In 2010 the owner of Castle Howard, Hon. Simon Howard, agreed to loan the roll to NUIM for research and conservation. The latter has been carried out to the highest standards by Paul Hoary of the Russell Library while Dr Patrick Cosgrove, a research officer appointed by the Centre for the Study of Historic Irish Houses and Estates, rigorously investigated the provenance of the roll and the ceremonial proceedings around its presentation. In 2012, digitised and indexed the roll making it fully searchable for the first time ever.

One of the first signatories to be identified was Henry White from Booterstown in Dublin, a direct ancestor of the late Princess Diana. On hearing of this discovery, her son, the Duke of Cambridge, wrote to the president of NUI Maynooth on 4 April 2013, expressing his gratefulness that this family connection had been brought to his attention. He found it extraordinary that ‘such a physically huge document should have remained unremarked and undiscovered for almost 150 years’ and delighted of the fact that ‘the opportunities it now provides for research must be inestimable.’

The latter comment is, of course, very true and not just in terms of identifying individual signatories and compiling their biographies (no matter how brief) but perhaps more importantly in terms of how historians can now examine Irish society and reform politics in the pre-Famine period in a new way.  When, for example, Dr Ciaran Reilly, looked at the signatories from his home town of Edenderry in County Offaly (in 1841, King’s County), he found that the signing of the testimonial had been organised by the parish priest, Fr James Colgan. He also discovered that Joseph Rothery owned the quarry from which the stone was used to build the Edenderry Workhouse in 1841 and that Arthur Keating was a gunsmith on the Main Street who emigrated to Minnesota during the Famine.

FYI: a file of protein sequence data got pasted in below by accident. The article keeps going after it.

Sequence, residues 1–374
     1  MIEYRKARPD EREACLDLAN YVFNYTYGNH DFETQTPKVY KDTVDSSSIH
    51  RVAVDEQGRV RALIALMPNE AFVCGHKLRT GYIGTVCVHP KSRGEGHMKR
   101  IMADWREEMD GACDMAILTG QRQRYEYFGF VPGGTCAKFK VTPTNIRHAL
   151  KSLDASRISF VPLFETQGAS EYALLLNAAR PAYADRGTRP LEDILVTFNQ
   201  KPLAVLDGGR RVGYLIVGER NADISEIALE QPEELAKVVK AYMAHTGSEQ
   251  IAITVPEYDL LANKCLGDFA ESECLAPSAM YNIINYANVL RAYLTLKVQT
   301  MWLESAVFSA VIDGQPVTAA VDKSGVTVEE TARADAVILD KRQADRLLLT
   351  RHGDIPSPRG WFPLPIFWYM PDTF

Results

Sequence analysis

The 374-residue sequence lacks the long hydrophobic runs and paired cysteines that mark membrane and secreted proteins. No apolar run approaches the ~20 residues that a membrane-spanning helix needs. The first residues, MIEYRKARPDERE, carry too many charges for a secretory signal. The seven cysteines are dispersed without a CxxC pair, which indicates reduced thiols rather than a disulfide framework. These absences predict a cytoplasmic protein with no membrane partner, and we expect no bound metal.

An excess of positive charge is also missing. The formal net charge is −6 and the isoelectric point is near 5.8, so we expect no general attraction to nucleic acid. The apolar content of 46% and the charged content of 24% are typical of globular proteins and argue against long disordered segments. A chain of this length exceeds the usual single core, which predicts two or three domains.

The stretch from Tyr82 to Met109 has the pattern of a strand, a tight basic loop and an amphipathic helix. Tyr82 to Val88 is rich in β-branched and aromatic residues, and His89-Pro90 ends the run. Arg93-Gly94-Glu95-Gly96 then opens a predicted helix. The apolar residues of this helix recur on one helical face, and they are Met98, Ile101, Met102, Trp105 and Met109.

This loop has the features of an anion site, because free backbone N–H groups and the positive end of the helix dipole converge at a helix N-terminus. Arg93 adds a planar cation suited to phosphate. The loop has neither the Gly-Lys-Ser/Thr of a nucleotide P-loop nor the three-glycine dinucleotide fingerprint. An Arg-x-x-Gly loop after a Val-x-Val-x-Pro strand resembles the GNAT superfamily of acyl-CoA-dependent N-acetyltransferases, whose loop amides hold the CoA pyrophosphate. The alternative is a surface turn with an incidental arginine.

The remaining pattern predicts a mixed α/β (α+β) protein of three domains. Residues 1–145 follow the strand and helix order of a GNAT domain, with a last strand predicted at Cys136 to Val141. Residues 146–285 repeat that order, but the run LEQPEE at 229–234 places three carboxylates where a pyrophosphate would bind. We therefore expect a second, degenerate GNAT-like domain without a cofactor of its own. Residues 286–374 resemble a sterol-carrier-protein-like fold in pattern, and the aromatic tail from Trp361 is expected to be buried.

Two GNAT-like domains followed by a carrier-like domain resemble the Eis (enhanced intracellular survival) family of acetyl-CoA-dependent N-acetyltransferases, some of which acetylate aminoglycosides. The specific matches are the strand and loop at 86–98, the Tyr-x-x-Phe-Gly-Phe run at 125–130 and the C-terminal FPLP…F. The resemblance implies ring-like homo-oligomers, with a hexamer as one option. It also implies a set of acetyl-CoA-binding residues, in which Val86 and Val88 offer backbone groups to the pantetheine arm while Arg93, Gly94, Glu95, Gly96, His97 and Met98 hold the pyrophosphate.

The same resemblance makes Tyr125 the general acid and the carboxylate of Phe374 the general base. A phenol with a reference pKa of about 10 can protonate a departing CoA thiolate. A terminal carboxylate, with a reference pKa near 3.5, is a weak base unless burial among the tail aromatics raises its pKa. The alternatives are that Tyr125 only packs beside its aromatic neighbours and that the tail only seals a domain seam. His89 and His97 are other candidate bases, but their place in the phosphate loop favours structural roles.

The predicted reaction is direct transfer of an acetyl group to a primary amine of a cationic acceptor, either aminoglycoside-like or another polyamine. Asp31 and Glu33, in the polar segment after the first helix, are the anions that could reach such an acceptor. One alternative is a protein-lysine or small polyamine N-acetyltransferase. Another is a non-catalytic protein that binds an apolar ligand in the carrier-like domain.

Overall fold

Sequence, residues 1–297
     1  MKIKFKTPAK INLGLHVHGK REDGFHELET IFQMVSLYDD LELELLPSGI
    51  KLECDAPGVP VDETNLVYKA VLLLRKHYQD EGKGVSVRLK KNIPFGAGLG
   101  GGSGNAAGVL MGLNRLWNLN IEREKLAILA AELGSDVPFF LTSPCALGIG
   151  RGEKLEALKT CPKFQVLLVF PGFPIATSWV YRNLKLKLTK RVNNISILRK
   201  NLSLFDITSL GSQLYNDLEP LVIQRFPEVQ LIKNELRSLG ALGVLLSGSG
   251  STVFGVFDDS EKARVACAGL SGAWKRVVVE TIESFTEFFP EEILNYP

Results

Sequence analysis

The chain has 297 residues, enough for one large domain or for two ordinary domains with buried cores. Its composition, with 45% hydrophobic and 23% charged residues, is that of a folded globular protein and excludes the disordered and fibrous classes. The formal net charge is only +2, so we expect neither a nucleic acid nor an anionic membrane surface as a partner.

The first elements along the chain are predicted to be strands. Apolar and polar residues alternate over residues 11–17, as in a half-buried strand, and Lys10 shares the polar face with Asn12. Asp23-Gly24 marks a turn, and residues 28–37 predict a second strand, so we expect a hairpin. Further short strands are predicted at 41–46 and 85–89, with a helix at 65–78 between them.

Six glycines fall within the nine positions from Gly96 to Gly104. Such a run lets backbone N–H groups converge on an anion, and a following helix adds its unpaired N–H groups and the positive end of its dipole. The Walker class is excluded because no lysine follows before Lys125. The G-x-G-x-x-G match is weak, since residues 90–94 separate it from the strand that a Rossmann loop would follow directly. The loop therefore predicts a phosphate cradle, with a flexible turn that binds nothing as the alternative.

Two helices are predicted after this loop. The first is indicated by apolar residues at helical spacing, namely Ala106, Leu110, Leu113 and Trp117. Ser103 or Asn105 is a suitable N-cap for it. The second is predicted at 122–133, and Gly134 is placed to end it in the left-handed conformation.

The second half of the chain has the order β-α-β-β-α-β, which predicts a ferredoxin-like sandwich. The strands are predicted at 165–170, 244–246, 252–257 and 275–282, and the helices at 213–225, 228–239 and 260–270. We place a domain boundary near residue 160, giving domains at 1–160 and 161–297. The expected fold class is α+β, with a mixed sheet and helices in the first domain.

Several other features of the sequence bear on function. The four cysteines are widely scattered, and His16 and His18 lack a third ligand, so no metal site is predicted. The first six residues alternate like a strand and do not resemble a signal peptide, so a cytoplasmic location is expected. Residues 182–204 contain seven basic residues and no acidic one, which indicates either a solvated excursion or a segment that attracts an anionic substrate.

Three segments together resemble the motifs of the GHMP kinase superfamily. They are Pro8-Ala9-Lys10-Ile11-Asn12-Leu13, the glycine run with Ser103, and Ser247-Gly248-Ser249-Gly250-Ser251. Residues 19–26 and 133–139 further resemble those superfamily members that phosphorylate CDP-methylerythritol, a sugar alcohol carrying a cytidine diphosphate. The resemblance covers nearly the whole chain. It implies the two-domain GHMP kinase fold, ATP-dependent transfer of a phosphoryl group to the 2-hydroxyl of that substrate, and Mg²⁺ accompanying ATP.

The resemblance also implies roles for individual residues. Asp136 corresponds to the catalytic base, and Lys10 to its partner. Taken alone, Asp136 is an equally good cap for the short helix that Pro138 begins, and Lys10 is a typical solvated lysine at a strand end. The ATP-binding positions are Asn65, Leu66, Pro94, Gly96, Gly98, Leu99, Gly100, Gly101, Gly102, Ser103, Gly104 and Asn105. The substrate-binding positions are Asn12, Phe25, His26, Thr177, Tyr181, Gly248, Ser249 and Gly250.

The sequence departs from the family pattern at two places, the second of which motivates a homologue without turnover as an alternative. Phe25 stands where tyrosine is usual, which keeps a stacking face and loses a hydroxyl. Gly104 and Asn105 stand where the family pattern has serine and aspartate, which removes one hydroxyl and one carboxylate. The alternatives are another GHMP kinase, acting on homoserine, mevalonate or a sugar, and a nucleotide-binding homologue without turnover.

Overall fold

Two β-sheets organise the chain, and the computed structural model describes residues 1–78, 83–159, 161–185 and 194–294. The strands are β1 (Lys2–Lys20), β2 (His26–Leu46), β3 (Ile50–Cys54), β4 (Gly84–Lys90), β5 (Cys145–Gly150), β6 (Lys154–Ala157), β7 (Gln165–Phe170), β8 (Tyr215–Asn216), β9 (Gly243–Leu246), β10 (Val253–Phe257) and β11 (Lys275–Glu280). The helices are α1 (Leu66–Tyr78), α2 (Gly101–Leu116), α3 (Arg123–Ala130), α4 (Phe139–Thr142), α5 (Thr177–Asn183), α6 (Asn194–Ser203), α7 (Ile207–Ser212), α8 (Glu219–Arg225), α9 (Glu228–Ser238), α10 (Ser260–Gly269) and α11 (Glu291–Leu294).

These examples from Edenderry are local and specific, the important point is that the same and, indeed, many other questions can be asked of any one signatory, any cluster of signatures or any locality which appears on the roll. In a more general sense, we can enquire whether by 1851, after the greatest social calamity in modern Irish history, were the people who signed the roll alive or dead, were they prospering or failing, or had they emigrated in search of a better life? And finally, as Christopher Ridgway has remarked: ‘Quite simply, anyone is entitled to ask, ‘Is my ancestor on this list?’

Starting in March 2013, the roll and accompanying exhibition embarked on an eighteen-month nationwide tour of Ireland, which will take in Westport (Mayo), Derrynane (Kerry), Clonmel (Tipperary), Kilkenny, Belfast and Dublin, enabling the public to see it for the first time in 170 years. It is also the subject of a collection of essays edited by Christopher Ridgway and published by Four Courts Press entitled The Morpeth Roll, Ireland Identified in 1841.


The exhibition will be hosted in the following venues:

20 Apr. – 12 May 2013 …… Westport House, Co. Mayo
21 May – 30 June 2013 …… Derrynane, Co. Kerry (OPW)

8 July – 11 Aug. 2013 …… The Main Guard, Clonmel, Co. Tipperary
16 Aug. – 26 Oct. 2013 …… Kilkenny Castle, Co. Kilkenny

1 – 29 Nov. 2013  …… NUI, Maynooth, Co. Kildare

5 Dec. 2013 – 26 Jan. 2014  …… Naughton Gallery, Queen’s U, Belfast

3 Feb. – 4 Apr. 2014  …… Dublin Castle


{ 1 comment… read it below or add one }

1 M Saul May 14, 2018 at 5:53 pm

I believe the Samuel Appleton of the Parish of Pomeroy, Ulster was my great-great-great grandfather. I know the Appletons came from County Tyrone. Samuel Appleton arrived in America in June 1841. He was married to Mary Gunn of County Tyrone.